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How To Use Attributes
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Attributes in LLVM have changed in some fundamental ways. It was necessary to
do this to support expanding the attributes to encompass more than a handful of
attributes --- e.g. command line options. The old way of handling attributes
consisted of representing them as a bit mask of values. This bit mask was
stored in a "list" structure that was reference counted. The advantage of this
was that attributes could be manipulated with 'or's and 'and's. The
disadvantage of this was that there was limited room for expansion, and
virtually no support for attribute-value pairs other than alignment.
In the new scheme, an ``Attribute`` object represents a single attribute that's
uniqued. You use the ``Attribute::get`` methods to create a new ``Attribute``
object. An attribute can be a single "enum" value (the enum being the
``Attribute::AttrKind`` enum), a string representing a target-dependent
attribute, or an attribute-value pair. Some examples:
* Target-independent: ``noinline``, ``zext``
* Target-dependent: ``"no-sse"``, ``"thumb2"``
* Attribute-value pair: ``"cpu" = "cortex-a8"``, ``align = 4``
Note: for an attribute value pair, we expect a target-dependent attribute to
have a string for the value.
An ``Attribute`` object is designed to be passed around by value.
Because attributes are no longer represented as a bit mask, you will need to
convert any code which does treat them as a bit mask to use the new query
methods on the Attribute class.
The ``AttributeList`` stores a collection of Attribute objects for each kind of
object that may have an attribute associated with it: the function as a whole,
the return type, or the function's parameters. A function's attributes are at
index ``AttributeList::FunctionIndex``; the return type's attributes are at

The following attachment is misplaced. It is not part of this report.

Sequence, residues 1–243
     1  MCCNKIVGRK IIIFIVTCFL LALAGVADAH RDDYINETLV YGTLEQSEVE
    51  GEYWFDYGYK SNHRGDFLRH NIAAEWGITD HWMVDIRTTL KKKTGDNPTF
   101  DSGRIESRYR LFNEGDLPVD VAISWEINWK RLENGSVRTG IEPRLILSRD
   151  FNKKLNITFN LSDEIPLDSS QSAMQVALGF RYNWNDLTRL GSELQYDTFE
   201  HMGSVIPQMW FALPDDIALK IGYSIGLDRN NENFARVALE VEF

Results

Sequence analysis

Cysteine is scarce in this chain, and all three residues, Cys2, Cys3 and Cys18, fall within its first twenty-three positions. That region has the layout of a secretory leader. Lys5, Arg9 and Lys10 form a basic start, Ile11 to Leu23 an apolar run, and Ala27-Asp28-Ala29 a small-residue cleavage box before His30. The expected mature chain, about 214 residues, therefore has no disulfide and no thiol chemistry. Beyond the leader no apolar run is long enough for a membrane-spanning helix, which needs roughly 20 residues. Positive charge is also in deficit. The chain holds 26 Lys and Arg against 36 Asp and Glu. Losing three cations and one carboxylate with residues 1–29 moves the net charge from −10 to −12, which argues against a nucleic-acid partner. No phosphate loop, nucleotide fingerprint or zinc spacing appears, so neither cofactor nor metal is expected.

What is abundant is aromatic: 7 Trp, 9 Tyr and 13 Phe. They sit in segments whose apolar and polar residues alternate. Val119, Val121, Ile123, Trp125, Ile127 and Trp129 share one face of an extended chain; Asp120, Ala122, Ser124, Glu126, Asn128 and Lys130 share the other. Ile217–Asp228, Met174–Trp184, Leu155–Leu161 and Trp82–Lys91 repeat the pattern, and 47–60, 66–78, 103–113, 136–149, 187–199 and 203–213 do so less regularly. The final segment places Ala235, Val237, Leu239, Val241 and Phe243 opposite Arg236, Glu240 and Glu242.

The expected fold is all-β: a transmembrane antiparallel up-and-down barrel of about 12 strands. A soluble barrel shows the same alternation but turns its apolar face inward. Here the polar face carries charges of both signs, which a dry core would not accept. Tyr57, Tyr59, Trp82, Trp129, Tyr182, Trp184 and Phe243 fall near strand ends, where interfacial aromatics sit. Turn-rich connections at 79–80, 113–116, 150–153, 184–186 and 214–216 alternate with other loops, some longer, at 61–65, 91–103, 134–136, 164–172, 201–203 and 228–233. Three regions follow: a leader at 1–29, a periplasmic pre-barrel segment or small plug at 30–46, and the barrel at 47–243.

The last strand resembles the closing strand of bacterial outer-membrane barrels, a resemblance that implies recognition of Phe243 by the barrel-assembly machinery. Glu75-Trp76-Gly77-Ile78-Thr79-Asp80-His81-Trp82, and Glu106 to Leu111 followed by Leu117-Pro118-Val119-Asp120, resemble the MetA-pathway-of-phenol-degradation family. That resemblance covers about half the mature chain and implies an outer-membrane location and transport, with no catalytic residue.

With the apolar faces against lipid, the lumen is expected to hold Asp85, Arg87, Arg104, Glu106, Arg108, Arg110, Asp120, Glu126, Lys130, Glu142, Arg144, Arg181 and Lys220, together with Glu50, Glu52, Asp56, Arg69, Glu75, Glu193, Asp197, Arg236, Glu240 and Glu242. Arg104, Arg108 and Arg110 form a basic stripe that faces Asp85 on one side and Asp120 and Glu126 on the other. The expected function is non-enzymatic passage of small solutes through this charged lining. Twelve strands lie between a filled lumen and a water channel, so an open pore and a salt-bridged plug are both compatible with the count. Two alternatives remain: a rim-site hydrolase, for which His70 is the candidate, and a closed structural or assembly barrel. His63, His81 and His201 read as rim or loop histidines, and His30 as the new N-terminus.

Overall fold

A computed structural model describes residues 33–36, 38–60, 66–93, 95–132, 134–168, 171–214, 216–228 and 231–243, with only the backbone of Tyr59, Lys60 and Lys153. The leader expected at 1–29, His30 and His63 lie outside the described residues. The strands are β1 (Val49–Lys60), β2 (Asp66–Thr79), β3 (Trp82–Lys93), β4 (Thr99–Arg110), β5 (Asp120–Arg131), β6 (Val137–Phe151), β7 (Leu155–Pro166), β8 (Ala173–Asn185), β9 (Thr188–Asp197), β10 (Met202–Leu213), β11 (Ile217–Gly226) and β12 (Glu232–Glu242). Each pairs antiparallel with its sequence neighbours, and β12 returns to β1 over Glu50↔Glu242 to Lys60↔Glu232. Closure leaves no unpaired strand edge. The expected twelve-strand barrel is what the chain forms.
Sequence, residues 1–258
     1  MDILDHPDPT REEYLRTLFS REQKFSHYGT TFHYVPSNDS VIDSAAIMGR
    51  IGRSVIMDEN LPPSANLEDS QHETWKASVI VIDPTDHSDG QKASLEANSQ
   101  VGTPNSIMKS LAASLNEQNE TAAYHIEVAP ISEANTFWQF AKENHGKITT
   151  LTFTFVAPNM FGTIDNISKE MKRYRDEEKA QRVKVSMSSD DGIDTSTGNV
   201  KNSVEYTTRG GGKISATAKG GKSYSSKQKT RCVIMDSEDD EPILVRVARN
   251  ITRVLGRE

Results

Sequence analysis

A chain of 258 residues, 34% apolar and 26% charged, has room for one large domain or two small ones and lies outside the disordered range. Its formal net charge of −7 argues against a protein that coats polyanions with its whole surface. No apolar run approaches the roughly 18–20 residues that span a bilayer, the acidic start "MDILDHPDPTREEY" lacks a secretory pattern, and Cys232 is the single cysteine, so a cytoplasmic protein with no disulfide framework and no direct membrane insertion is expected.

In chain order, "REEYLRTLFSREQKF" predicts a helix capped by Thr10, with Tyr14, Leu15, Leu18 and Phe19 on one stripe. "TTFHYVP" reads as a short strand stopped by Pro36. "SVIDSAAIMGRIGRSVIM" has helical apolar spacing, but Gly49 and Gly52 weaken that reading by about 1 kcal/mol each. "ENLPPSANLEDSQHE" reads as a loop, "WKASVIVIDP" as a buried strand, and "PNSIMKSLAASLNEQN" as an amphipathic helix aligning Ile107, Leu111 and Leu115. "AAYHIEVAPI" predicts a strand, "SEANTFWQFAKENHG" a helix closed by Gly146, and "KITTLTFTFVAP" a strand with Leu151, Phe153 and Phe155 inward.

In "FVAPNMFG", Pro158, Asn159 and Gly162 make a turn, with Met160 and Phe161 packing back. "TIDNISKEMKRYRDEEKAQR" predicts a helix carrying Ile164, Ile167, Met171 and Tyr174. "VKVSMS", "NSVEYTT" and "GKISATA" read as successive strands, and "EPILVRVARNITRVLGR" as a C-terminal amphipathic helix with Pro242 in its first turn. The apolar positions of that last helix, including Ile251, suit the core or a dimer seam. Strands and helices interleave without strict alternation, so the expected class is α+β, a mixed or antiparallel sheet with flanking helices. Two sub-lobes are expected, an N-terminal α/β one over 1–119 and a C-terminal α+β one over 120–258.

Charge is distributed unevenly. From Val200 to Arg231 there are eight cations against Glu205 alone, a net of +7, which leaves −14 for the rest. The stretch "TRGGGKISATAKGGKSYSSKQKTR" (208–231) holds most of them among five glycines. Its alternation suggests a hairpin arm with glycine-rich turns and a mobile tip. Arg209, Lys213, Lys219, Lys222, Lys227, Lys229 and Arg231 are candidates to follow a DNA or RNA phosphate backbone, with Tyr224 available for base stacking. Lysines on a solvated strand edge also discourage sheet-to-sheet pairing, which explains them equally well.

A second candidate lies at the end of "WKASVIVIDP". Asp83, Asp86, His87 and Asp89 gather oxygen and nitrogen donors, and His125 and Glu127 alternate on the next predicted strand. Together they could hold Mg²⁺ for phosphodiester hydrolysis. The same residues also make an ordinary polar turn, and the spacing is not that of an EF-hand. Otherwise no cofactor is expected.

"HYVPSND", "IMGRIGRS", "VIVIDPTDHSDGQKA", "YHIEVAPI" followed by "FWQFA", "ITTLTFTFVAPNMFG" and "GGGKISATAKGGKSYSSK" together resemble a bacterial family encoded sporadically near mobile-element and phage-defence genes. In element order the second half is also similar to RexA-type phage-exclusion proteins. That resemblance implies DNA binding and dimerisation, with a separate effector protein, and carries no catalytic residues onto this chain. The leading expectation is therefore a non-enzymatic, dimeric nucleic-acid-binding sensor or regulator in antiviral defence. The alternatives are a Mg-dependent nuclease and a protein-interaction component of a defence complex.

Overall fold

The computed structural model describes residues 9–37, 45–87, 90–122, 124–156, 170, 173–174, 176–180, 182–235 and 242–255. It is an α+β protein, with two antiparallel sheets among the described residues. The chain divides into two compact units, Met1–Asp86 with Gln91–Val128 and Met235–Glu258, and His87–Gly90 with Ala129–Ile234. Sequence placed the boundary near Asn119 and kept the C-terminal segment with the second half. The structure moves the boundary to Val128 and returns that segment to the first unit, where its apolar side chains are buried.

index ``AttributeList::ReturnIndex``; and the function's parameters' attributes
are at indices 1, ..., n (where 'n' is the number of parameters). Most methods
on the ``AttributeList`` class take an index parameter.
An ``AttributeList`` is also a uniqued and immutable object. You create an
``AttributeList`` through the ``AttributeList::get`` methods. You can add and
remove attributes, which result in the creation of a new ``AttributeList``.
An ``AttributeList`` object is designed to be passed around by value.
Note: It is advised that you do *not* use the ``AttributeList`` "introspection"
methods (e.g. ``Raw``, ``getRawPointer``, etc.). These methods break
encapsulation, and may be removed in a future release.
Lastly, we have a "builder" class to help create the ``AttributeList`` object
without having to create several different intermediate uniqued
``AttributeList`` objects. The ``AttrBuilder`` class allows you to add and
remove attributes at will. The attributes won't be uniqued until you call the
appropriate ``AttributeList::get`` method.
An ``AttrBuilder`` object is *not* designed to be passed around by value. It
should be passed by reference.
Note: It is advised that you do *not* use the ``AttrBuilder::addRawValue()``
method or the ``AttrBuilder(uint64_t Val)`` constructor. These are for
backwards compatibility and may be removed in a future release.
And that's basically it! A lot of functionality is hidden behind these classes,
but the interfaces are pretty straight forward.